The site for a lighthouse to mark the harbour at West Dover was investigated in 1891, and the lighthouse was built the following year as shown in excerpts from the Annual Report of the Department of Marine:
1891 – It was at first arranged to build a lighthouse on Meaghar’s Island, but owing to difficulties arising in acquiring a title to the land, another suitable site was looked for. For this purpose the Superintendent of Lights visited the locality and consulted with the residents interested in shipping. The result was that the southern end of Callaghan's Island was selected as affording a more suitable site than that of Meaghar’s Island, inasmuch as it afforded a direct lead into Dover Harbour, and was more suitable as a harbour light. It was finally settled to build there, and the land was secured. Subsequently a petition was received at Ottawa against this selection and in favour, of Meaghar’s Island. After further consideration the officers of this Department agreed that Callaghan's Island was the more suitable place, and ultimately Mr. Martin Fader, of Spry Bay, was awarded a contract for erecting a lighthouse in that place for $1,200. The work will be proceeded with as early next spring as the weather will permit.John A. Fraser was appointed the first keeper of Port Dover Lighthouse in 1892, and he served until 1906. Edward Morash then took charge and kept the light until his death in 1934. Edward’s wife Sarah looked after the light for a few months until William J. Cleveland was appointed keeper in early 1935.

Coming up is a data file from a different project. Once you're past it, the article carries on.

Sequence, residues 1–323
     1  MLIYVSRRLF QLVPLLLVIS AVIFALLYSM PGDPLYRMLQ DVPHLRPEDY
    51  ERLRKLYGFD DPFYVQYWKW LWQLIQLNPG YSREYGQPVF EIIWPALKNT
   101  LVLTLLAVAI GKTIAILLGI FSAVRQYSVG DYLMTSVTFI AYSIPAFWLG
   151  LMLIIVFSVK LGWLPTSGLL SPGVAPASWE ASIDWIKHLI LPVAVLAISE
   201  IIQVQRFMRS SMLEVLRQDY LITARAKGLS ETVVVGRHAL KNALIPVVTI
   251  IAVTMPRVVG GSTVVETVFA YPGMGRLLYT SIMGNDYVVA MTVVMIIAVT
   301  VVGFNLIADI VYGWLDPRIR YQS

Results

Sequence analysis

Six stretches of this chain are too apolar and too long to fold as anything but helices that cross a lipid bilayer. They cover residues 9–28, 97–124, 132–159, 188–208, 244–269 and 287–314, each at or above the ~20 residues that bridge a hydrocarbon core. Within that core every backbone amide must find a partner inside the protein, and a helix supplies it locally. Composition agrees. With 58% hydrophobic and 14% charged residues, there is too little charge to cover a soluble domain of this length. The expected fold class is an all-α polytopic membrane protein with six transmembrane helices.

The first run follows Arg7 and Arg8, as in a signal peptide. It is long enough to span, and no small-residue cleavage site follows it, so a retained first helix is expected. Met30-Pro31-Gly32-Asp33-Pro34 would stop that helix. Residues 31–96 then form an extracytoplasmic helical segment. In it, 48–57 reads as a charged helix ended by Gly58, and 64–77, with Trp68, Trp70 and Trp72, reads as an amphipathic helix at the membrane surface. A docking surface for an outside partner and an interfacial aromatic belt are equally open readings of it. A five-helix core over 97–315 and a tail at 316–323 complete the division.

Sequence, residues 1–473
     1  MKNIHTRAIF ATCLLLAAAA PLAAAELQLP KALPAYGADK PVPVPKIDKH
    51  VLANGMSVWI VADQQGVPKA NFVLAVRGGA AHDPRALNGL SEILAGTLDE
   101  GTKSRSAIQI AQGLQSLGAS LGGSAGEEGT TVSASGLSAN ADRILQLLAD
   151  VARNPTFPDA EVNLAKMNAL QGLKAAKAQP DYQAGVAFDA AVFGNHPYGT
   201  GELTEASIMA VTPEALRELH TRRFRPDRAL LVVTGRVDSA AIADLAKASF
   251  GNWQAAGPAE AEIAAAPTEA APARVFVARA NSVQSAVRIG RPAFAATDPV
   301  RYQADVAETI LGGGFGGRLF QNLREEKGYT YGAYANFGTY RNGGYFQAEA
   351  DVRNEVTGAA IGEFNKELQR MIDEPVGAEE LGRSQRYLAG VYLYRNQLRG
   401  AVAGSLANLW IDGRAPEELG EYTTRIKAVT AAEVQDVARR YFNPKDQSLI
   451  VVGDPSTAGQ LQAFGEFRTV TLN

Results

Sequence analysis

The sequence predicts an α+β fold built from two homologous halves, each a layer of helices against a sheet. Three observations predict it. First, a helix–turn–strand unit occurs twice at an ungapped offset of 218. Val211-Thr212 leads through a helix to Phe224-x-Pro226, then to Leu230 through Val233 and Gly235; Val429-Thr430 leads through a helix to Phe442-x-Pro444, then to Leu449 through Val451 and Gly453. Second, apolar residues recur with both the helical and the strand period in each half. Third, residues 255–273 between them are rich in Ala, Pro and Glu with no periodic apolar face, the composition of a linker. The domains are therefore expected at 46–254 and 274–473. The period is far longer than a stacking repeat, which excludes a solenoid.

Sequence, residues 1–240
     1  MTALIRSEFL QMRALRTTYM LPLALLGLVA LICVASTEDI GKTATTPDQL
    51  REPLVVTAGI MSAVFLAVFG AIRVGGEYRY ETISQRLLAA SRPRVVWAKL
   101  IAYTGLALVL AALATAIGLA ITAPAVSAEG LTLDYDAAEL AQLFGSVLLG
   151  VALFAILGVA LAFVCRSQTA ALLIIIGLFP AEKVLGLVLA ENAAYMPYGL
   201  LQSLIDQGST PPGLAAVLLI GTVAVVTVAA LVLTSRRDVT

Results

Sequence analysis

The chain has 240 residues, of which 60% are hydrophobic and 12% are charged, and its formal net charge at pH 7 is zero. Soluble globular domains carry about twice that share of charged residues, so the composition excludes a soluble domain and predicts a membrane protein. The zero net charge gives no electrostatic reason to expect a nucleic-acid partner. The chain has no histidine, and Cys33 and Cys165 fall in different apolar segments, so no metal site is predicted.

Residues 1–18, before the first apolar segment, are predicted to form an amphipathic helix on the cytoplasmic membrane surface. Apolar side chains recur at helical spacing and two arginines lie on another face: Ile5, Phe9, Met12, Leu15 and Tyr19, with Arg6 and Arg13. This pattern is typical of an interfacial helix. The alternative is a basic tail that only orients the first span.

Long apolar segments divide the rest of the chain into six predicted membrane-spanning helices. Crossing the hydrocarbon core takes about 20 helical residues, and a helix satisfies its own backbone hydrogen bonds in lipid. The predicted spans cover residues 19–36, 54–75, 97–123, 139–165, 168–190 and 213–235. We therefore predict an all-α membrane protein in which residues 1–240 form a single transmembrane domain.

1892 – A small lighthouse with dwelling attached has been built on the southern end of Callaghan Island, in Port Dover or Dover Harbour, in the County of Halifax, as indicated in last year’s report.
The building is of wood, painted white, and consists of a square tower with keeper’s dwelling attached. The tower is surmounted by an iron lantern painted red, and is 31 feet high from its base to the vane on the lantern.
The light will be fixed white, elevated 50 feet above high-water mark, and should be visible 12 miles from all points of approach. The illuminating apparatus is dioptric, of small size.
The light is so located that vessels running for it on a N.N.W. course will pass clear to the westward of Shag Bay breakers, which are marked by a red iron can buoy, and enter the harbour to the eastward of Fleming Island.
The total expenditure in connection with the erection of this light has been $1,263.05.
The wooden lighthouse on Callaghan Island remained standing until 1954, when a skeletal tower was erected on the island and the light became unwatched. The characteristic of the light was changed from fixed white to flashing white at this time. In 2020, a triangular, skeleton mast, with a red-and-white, rectangular daymark, was exhibiting a flashing green light on Callaghan Island.
Keepers: John A. Fraser (1892 – 1906), Edward Morash (1906 – 1934), Sarah J. Morash (1934), William J. Cleveland (1935 – at least 1937).